The break in the series reflects the Fed’s switch from dealer quotes to the transactions data. Although 30-day rates based on the transactions data are available back to the beginning of 1997, the series for overnight rates starts a year later, which prevents us from using the 1997 data.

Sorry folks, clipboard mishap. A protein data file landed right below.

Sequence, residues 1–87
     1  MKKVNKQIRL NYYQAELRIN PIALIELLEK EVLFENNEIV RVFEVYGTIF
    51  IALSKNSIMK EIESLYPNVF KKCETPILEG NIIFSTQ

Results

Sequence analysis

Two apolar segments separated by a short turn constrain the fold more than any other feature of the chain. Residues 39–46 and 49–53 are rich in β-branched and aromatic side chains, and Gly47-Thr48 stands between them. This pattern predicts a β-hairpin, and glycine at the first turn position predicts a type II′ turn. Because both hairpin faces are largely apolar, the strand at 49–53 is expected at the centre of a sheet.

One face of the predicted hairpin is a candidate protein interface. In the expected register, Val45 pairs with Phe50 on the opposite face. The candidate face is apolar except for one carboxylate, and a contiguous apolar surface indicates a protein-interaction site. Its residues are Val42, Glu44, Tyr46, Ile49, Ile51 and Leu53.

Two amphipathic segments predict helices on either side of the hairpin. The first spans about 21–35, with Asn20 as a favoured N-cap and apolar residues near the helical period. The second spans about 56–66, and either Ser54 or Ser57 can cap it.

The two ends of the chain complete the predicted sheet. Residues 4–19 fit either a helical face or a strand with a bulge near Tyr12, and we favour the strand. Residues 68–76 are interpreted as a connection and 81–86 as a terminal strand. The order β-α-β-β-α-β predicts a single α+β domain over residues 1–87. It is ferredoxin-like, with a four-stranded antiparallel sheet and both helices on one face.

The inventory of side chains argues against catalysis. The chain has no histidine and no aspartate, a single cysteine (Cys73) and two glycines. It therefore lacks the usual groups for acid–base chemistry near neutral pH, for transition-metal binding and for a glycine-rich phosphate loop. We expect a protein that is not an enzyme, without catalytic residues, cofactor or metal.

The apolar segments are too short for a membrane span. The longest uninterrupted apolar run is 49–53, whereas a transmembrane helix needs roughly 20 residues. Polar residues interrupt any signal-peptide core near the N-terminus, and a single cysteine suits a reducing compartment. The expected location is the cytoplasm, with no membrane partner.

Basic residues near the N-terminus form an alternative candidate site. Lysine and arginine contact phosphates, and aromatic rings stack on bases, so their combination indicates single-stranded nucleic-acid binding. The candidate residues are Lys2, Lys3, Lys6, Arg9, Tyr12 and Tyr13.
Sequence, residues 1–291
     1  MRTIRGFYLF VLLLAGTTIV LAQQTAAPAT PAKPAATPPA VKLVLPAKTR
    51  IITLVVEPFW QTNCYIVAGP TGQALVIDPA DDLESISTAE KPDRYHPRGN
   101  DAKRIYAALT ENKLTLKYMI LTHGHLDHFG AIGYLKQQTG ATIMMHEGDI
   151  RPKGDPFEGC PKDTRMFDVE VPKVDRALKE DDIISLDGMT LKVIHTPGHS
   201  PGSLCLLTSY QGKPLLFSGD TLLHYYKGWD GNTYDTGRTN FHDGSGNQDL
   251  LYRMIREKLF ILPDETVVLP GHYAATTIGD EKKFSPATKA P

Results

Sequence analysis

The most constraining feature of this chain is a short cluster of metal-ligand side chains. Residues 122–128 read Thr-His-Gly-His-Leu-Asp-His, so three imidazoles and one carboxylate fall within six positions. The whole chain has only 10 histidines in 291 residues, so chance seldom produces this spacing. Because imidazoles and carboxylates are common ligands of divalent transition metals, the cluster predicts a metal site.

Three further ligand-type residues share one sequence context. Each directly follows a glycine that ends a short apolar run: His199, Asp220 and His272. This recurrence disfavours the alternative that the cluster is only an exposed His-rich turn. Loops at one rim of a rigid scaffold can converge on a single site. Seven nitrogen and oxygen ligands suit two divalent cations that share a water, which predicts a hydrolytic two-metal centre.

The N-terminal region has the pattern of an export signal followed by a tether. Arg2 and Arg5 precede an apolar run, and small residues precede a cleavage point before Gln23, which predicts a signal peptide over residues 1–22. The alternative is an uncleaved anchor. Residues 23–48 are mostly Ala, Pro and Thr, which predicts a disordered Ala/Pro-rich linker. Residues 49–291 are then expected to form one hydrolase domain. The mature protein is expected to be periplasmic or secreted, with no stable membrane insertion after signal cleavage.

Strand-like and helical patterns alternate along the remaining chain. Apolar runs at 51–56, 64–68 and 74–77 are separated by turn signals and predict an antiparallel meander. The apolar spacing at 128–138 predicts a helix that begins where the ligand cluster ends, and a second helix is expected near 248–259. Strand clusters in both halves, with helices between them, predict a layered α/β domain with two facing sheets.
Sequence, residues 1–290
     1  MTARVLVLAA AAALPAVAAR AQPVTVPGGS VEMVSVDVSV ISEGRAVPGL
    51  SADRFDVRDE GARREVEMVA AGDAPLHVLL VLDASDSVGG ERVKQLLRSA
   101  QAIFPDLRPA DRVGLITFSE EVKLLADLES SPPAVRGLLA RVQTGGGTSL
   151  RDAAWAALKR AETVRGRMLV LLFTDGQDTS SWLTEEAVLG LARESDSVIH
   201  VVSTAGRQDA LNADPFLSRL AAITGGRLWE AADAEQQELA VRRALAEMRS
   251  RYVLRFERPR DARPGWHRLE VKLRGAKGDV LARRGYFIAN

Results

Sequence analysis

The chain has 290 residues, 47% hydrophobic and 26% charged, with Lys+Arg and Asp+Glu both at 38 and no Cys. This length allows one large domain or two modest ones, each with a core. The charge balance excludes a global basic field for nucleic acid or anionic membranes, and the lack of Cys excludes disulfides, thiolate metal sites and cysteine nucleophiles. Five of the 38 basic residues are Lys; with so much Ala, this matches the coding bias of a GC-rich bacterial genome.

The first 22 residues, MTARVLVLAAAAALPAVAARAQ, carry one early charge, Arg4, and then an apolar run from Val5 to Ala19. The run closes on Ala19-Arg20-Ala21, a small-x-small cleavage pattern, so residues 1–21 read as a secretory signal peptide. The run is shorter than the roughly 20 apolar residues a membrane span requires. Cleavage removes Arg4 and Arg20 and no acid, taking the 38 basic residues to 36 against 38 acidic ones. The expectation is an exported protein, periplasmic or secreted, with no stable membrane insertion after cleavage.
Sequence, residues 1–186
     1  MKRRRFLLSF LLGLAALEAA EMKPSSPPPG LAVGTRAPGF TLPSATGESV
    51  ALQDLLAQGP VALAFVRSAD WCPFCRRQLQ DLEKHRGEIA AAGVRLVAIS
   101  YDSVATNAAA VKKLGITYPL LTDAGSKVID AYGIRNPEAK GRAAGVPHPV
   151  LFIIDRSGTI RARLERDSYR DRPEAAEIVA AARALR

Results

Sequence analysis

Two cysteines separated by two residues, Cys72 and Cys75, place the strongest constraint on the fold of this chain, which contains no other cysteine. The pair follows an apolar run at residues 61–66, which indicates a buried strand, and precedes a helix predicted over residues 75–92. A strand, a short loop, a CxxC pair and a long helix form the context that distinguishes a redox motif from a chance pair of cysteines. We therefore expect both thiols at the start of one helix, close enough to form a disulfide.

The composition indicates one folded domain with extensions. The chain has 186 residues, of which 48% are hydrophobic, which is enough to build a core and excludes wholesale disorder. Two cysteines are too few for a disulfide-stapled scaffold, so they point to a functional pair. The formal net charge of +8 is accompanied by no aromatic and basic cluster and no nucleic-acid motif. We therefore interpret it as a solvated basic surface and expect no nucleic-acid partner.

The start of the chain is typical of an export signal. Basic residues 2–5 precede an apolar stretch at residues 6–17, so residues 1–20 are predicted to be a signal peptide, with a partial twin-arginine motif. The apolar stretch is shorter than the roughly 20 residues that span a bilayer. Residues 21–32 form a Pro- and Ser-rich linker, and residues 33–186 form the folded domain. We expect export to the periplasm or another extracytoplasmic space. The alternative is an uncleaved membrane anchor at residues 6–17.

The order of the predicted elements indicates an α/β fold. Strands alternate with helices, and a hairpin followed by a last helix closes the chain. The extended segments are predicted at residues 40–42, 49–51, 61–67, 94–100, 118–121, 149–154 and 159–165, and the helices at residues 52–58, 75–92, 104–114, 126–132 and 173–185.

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Figure 3 displays the level of outstanding commercial paper for “tier-1” and “tier-2” issuers.12 The lower panel indicates that CP outstanding for tier-2 issuers declines systematically at year-end and that the drop is usually reversed in January. This pattern is much less evident for tier-1 issuers, further indicating that year-end effects are concentrated among lowerquality firms. Another notable feature of the CP market is that the volume of maturing paper declines markedly at year-end. Figure 4 illustrates this point by showing the average maturity structure of outstanding commercial paper at two points in December–the first Wednesday of the month (panel A) and the third Wednesday (panel B). The bars depict the average amount of paper, as of the indicated date, that is set to mature in the maturity ranges shown on the horizontal axis. The dotted vertical lines indicate year-end, and the solid lines indicate the average maturity structure for all other Wednesdays.13 The distributions of outstanding paper reveal a pronounced drop in the amount of paper maturing around year-end. As year-end approaches, the maturity structure tends to shift toward longer-dated paper, with the amount of CP maturing after year-end being substantially greater than would be predicted by the average maturity structure of paper at other times of the year. This paucity of maturing paper, combined with the limited amount of secondary market trading, points to a fall-off in market liquidity at year-end. One explanation for these year-end patterns focuses on “window dressing” by some inRule 2a-7 of the Investment Company Act of 1940 limits the credit risk that money market mutual funds may bear by restricting their investments to “eligible” securities. An eligible security must carry one of the two highest ratings (“1” or “2”) for short-term obligations from at least two of the nationally recognized statistical ratings agencies (which currently consist of Standard and Poor’s, Moody’s, and Fitch IBCA). A tier-1 security is an eligible security rated “1” by at least two of the rating agencies; a tier-2 security is an eligible security that is not a tier-1 security. We employ this quality split in order to display lengthy time series, as the Federal Reserve data provide only a limited history for CP outstanding based on the A1/P1 versus A2/P2 split. 13 We use Wednesdays for the figure because the Federal Reserve releases its data on CP outstanding at a weekly-Wednesday frequency.